But in doing so, the Eleventh Circuit panel dismissed Evans’ argument that discrimination on the basis of sexual orientation is covered by Title VII, saying that previous decisions by the circuit made clear that “[d]ischarge for homosexuality is not prohibited by Title VII.”

In other words, Title VII prohibits firing a person for looking or acting lesbian, gay, bisexual, or transgender; but it does not prohibit firing them if they acknowledge being LGBT.

“Forcing all sexual orientation discrimination claims into a sex stereotyping pigeonhole,” said Lambda’s petition to the high court, “‘creates an uncomfortable result in which the more visible and stereotypically gay or lesbian a plaintiff is in mannerisms, appearance, and behavior, and the more the plaintiff exhibits those behaviors and mannerisms at work, the more likely a court is to recognize a claim of gender nonconformity which will be cognizable under Title VII as sex discrimination.’”

In its September 7 petition to the Supreme Court, Lambda notes that “almost all” of the other federal circuits and two federal agencies differ on the issue of whether discrimination based on “sexual orientation” constitutes discrimination based on “sex.” And such conflicts often compel the Supreme Court to resolve an issue.

In April, the Seventh Circuit, which covers the states of Illinois, Indiana, and Wisconsin, ruled that Title VII does cover sexual orientation. That case is Hively v. Ivy Tech. Later this month, the full Second Circuit (covering New York, Connecticut, and Vermont) will consider the issue through another Lambda case, Zarda v. Altitude Express. In that case, U.S. Attorney Jeff Sessions has submitted a brief arguing (unlike the EEOC) that the Department of Justice does not believe Title VII prohibits sexual orientation discrimination.

“The current geographic checkerboard of Title VII’s coverage is untenable for employees and employers alike,” states Lambda’s petition. “….[A]t present, a lesbian or bisexual employee working in Indianapolis, Indiana, who is offered a promotion that will require her to relocate to Indianola, Mississippi, is forced to choose between Title VII protection and advancing her career. Furthermore, lesbian, gay, and bisexual employees who are entitled to insurance and other forms of employment benefits for their spouses might be wary of telling their employers about their marital status, for fear of revealing their sexual orientation and subjecting themselves to termination on that basis.”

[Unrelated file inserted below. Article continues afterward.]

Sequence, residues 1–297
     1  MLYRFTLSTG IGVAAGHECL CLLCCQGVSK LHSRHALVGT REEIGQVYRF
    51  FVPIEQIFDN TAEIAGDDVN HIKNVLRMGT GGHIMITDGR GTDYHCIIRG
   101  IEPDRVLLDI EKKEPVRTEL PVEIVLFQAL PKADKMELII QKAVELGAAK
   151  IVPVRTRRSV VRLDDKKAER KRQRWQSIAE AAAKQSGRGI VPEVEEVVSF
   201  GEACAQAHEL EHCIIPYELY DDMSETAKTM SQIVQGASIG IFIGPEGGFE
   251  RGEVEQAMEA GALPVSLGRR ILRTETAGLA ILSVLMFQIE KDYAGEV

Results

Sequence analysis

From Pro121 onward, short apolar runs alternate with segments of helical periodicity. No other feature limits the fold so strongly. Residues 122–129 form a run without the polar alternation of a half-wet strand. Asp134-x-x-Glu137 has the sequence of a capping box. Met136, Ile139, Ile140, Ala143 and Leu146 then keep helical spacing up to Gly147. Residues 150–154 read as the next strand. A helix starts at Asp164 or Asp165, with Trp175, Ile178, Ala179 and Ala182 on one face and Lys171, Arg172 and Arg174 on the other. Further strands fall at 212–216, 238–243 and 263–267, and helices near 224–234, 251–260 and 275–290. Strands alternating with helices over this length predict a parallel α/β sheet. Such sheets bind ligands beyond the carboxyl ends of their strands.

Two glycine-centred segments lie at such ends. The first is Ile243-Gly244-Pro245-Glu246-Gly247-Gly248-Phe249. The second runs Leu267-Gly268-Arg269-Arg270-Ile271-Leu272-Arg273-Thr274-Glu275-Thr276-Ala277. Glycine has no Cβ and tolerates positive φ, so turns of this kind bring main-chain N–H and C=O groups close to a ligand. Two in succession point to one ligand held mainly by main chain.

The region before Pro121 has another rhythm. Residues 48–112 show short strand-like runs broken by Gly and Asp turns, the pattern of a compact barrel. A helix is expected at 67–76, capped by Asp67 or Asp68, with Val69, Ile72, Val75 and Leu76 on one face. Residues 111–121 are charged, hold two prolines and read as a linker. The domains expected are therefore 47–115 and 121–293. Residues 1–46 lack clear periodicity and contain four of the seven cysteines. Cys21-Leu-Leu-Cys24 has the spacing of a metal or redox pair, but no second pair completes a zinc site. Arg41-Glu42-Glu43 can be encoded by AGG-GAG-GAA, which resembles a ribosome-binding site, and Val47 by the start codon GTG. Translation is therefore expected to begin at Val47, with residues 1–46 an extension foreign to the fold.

Jon Davidson, Lambda’s national legal director, says how the Supreme Court resolves the issue is likely to have an impact on how courts interpret the meaning of discrimination based on “sex” in other federal laws, such as Title IX of the Education Amendments Act.

“I believe that, if the Supreme Court ultimately agrees that the ban on sex discrimination under Title VII includes a ban on sexual orientation discrimination, the decision will control other federal laws barring sex discrimination, including Title IX (which governs discrimination in federally-funded educational programs), the Fair Housing Act, the Equal Pay Act, section 1557 of the Affordable Care Act (which bars discrimination in health care and health care insurance), and the Equal Credit Opportunity Act.  That is because the arguments we are advancing are not particular to any particular statute,” said Davidson, “but rather are about the logical connection between sexual orientation discrimination and sex discrimination, which applies equally to all of those laws.”

Joining Lambda staff on the petition to the Supreme Court are two national legal luminaries from Stanford University: Jeffrey Fisher, who has been identified as having the third most experience arguing before the Supreme Court (out of 17,000 advocates) and Pamela Karlan, an openly gay litigator who has often been said to be on the “short list” of some Democratic presidents as a potential Supreme Court nominee.

Source: Keen News Service – Lisa Keen